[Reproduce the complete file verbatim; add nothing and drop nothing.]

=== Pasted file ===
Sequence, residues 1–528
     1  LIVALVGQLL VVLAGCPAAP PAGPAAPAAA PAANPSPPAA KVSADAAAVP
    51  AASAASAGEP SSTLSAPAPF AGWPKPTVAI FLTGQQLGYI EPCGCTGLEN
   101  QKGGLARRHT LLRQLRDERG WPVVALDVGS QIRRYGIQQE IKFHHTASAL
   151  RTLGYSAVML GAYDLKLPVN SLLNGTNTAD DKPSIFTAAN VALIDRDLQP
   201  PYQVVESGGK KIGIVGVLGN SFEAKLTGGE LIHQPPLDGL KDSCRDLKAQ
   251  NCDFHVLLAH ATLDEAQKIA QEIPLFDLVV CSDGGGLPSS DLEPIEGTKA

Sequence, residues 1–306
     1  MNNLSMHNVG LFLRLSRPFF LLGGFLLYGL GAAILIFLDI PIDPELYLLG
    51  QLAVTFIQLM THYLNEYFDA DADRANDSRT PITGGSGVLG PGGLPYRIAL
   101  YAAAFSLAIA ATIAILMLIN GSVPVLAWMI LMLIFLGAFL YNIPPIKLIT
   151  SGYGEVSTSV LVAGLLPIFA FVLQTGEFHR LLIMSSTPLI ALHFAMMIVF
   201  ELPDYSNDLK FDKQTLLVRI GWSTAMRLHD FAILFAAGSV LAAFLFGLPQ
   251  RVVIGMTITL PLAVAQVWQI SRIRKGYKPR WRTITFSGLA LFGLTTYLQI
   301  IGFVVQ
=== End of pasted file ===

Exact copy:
Sequence, residues 1–528
     1  LIVALVGQLL VVLAGCPAAP PAGPAAPAAA PAANPSPPAA KVSADAAAVP
    51  AASAASAGEP SSTLSAPAPF AGWPKPTVAI FLTGQQLGYI EPCGCTGLEN
   101  QKGGLARRHT LLRQLRDERG WPVVALDVGS QIRRYGIQQE IKFHHTASAL
   151  RTLGYSAVML GAYDLKLPVN SLLNGTNTAD DKPSIFTAAN VALIDRDLQP
   201  PYQVVESGGK KIGIVGVLGN SFEAKLTGGE LIHQPPLDGL KDSCRDLKAQ
   251  NCDFHVLLAH ATLDEAQKIA QEIPLFDLVV CSDGGGLPSS DLEPIEGTKA

Sequence, residues 1–306
     1  MNNLSMHNVG LFLRLSRPFF LLGGFLLYGL GAAILIFLDI PIDPELYLLG
    51  QLAVTFIQLM THYLNEYFDA DADRANDSRT PITGGSGVLG PGGLPYRIAL
   101  YAAAFSLAIA ATIAILMLIN GSVPVLAWMI LMLIFLGAFL YNIPPIKLIT
   151  SGYGEVSTSV LVAGLLPIFA FVLQTGEFHR LLIMSSTPLI ALHFAMMIVF
   201  ELPDYSNDLK FDKQTLLVRI GWSTAMRLHD FAILFAAGSV LAAFLFGLPQ
   251  RVVIGMTITL PLAVAQVWQI SRIRKGYKPR WRTITFSGLA LFGLTTYLQI
   301  IGFVVQ